Yeah, it was pretty tight and we knew that when we went in. Deadlines have been there forever and as much as you’d like to fight them, they’re there for a reason. When I met a friend and was really bitching about the deal dine for the first album, saying this is stupid, this isn’t art, this is horrible. Then he went through a list of classical pieces and all of them had been to a certain time and a certain date and they were rushed and pushed for time, which works and they are undeniable masterpieces. That was when I realised – dude, stop winging, this is what is needed and has to be done. This album has been about a quarter of the time that it’s taken to record, in comparison to my other albums and anything that I’ve ever done and I think that has been good for it. I’ve had some incredible people come in to record on the album and also some of my favourite guitar players of all time, it’s been really great.
You got a lot of guitars upstairs in the studio, do yo have a favourite?
I think my favourite is one called the Benj, I’ve had to retire it from flying, as it has had such a battering. It’s the one I’ve played the most and the more you play it, the more you get to know it and the more it knows you. It’s weird, with guitars that are custom made for you, you kind of learn from each other, like you learn how to play it, as much as it learns to be played by you. It’s really weird. It goes out to England, but it doesn’t fly anywhere, as its got too many cracks in it. It’s seen as much of the world as I have and another two countries where it got sent to the wrong place, but it got returned in the end.
Calling your home and new album the zoo makes it sound like you’ve been trapped and haven’t been out during the recording process, is that the case?
I have, I’ve been trapped in here! Nah, I have been out and we have a family day every Wednesday, where we spent time with my son. The first day off that I had, I actually went to the zoo, ha-ha. I spent all day in the zoo, after spending all day here, it was nice. My favourite is London Zoo, as the focus is on conservation. I remember going there years and years ago and it was a little bit depressing and the animals looked a bit sad, but not it’s really great up there and the animals really get looked after, its lovely. A monkey tried to eat my hair when I was there, which was a bit awkward, they were carrying them around. It was a type of Lemur in fact. I had my two year old with me, this monkey grabs my hair and then my son is trying to stroke the monkey’s head saying how nice the monkey was and then the monkey makes the loudest noise I have ever heard in my life and I’ve heard some loud noises! My son completely freaked out and tried to climb around me and this American woman completely freaked out in front of me, all a bit strange.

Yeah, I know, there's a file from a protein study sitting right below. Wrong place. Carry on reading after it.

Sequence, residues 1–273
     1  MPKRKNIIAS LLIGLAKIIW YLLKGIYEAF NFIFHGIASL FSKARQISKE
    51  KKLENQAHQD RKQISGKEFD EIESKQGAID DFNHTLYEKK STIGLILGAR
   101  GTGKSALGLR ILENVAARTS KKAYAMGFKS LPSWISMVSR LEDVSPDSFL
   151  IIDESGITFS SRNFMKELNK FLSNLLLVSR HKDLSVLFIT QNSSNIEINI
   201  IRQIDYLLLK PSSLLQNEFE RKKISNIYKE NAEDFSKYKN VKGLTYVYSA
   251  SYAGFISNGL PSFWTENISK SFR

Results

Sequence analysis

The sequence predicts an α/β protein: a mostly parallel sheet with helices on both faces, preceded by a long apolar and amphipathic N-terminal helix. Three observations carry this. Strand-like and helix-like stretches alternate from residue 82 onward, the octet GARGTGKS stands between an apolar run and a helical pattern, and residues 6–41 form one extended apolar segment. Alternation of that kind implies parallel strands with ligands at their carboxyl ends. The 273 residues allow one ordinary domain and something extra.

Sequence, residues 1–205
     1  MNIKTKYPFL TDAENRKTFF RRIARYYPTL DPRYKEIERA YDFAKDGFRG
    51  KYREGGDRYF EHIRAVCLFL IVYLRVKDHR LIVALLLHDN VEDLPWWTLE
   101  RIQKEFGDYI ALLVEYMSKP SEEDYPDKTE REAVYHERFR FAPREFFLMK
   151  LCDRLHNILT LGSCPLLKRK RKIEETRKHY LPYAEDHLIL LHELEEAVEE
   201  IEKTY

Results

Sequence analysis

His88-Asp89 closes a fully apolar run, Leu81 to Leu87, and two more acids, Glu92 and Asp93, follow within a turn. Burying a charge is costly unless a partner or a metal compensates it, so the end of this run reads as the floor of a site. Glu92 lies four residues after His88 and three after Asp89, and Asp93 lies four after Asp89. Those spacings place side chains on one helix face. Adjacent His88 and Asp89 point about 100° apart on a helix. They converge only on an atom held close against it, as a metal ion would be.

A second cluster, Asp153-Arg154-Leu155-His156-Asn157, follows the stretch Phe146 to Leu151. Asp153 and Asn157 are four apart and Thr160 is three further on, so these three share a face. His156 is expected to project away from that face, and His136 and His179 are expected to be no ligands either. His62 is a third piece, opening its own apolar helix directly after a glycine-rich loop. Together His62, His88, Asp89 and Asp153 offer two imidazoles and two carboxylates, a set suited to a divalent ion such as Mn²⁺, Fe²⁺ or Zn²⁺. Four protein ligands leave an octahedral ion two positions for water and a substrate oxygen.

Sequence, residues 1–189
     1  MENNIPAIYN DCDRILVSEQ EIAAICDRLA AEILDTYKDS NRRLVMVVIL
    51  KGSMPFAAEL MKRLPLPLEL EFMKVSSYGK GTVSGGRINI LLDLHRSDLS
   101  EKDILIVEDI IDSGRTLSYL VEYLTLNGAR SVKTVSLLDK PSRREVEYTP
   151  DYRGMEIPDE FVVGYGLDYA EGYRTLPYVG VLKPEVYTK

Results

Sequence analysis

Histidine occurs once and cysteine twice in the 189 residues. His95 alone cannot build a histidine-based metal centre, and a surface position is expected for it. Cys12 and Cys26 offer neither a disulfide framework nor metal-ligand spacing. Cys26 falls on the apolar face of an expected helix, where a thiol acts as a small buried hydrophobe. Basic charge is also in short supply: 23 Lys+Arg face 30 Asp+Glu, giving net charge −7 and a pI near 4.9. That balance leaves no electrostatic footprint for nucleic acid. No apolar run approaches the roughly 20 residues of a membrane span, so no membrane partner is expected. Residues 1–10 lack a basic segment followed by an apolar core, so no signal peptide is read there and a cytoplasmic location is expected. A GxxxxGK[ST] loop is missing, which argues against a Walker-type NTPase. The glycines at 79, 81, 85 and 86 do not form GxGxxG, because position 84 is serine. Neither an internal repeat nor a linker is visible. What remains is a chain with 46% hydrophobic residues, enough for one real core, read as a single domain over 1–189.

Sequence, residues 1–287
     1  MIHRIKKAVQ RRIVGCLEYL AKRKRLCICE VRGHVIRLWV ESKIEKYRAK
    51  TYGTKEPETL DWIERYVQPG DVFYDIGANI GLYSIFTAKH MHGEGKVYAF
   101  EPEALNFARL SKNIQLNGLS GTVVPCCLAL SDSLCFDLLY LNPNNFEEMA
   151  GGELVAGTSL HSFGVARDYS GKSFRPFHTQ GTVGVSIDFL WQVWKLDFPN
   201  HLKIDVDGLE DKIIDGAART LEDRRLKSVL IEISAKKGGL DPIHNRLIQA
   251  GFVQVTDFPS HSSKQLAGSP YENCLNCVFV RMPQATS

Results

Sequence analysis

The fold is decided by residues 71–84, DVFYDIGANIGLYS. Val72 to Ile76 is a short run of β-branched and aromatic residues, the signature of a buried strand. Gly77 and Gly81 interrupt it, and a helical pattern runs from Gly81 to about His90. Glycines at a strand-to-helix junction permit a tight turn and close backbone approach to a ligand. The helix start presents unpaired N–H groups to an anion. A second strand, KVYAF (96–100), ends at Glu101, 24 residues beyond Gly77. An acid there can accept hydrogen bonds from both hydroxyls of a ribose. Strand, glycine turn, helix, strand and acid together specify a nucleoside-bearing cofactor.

Has becoming a father changed your songwriting? Do you think that its made you more sensitive and more emotional in your lyric writing, maybe more so than before?
It has, it changed everything and your whole outlook on your whole existence. Definitely, it opens you up in a whole different way. It changes you so much, in ways that you never thought you would ever be able to change. I’ve written loads of songs for him.
You were touring in Australia earlier in the year, how was that?
Oh, that was hilarious. Australia is great fun. My favourite city is Melbourne, I’ve got a soft spot for there, but it can get cold there, much like the UK, it’s got a really great vibe about the city.
How long after the album is released can your UK fans expect you to be touring here?
I’lll be on the road as soon as I can, but I’m not quite sure what the schedule is. I think that people are a bit surprised that everything went to schedule and on time with the new album, so they’re like, what are we going to do next. I can’t wait to get out there.
What do you think is the best gig you’ve done to date?
My first Glastonbury in the acoustic tent was kinda huge. It’s kinda the first group of big festivals that you play at that really blow your mind.
We came to a gig of yours, last year at the Scala, and on the way out, there was a woman who was about to give birth in the foyer. We were just wondering if you had heard from her and if she named the baby after you?
Ha-ha, I remember that. The baby was fine, I don’t know if she named the baby after me, I only know that everything was fine and worked out fine and everyone is healthy, which is great.
What do you think has been the best thing about your whole studio zoo experience?
I think it’s been nice to get to know the people who buy my record and what they want too. I mean, that’s just fascinating and for them to watch me doing guitar solos and learning and seeing how the process worked. I’ve had relentless interaction with them, which has been great.